The prevalence of extreme, short-term temperature spikes in coastal regions during summer months is predicted to increase with ongoing climate change. In tropical systems, these changes are predicted to increase the metabolic demand of coral reef fish larvae while also altering the plankton communities upon which the larvae feed during their pelagic phase. The consequences of these predictions remain speculative in the absence of empirical data on the interactive effects of warm temperatures on the metabolism, postprandial processes and growth responses of coral reef fish larvae. Here, we tested the effect of increased temperature on the metabolism, postprandial performance and fine-scale growth patterns of a coral reef fish (Amphiprion percula) in the latter half of its ∼ 11-d larval phase. First, we measured the length and weight of fed versus fasted larvae (N = 340; mean body mass 4.1 ± 0.05 mg) across fine temporal scales at a typical current summer temperature (28.5°C) and a temperature that is likely be encountered during warm summer periods later this century (31.5°C). Second, we measured routine metabolic rate (Mo2 routine) and the energetics of the postprandial processes (i.e., digestion, absorption and assimilation of a meal; termed specific dynamic action (SDA)) at both temperatures. Larvae fed voraciously when provided with food for a 12-hour period and displayed a temperature-independent increase in mass of 40.1% (28.5°C) and 42.6% (31.5°C), which was largely associated with the mass of prey in the gut. A subsequent 12-h fasting period revealed that the larvae had grown 21.2 ± 4.8% (28.5°C) and 22.8 ± 8.8% (31.5°C) in mass and 10.3 ± 2.0% (28.5°C) and 7.8 ± 2.6% (31.5°C) in length compared with pre-feeding values (no significant temperature effect). Mo2 routine was 55 ± 16% higher at 31.5°C and peak Mo2 during the postprandial period was 28 ± 11% higher at 31.5°C, yet elevated temperature had no significant effect on SDA (0.51 ± 0.06 J at 28.5°C vs. 0.53 ± 0.07 J at 31.5°C), SDA duration (6.0 ± 0.6 h vs. 6.5 ± 0.5 h), or the percent of total meal energy used for SDA (SDA coefficient: 10.1 ± 1.3% vs. 13.0 ± 1.7%). Our findings of higher Mo2 routine but similar SDA coefficient at high temperature provide the first empirical evidence that coral reef fish larvae may have to secure more food to attain similar growth rates during warm summer periods, and perhaps with chronically warmer conditions associated with climate change.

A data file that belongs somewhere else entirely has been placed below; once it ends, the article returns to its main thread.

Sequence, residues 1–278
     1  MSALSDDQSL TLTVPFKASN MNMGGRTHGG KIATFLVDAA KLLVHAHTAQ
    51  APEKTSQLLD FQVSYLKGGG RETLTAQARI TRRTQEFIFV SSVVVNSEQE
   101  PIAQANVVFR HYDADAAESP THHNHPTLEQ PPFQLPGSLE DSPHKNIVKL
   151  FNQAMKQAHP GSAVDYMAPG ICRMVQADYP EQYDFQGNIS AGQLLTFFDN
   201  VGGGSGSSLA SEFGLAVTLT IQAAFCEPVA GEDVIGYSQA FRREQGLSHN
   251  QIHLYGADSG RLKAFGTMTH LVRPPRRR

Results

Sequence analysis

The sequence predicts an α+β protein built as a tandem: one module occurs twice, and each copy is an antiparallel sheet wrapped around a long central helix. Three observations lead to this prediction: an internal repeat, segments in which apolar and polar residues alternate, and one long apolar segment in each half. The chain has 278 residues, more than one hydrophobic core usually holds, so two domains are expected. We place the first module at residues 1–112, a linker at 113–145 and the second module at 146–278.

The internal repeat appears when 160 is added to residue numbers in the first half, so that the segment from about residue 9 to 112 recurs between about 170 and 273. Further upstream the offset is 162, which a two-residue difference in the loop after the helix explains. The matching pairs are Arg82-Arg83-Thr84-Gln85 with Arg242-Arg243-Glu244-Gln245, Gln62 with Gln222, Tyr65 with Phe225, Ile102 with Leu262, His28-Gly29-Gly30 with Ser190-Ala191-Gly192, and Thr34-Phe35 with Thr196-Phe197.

digestion, coral reef fish, metabolic rate, specific dynamic action, SDA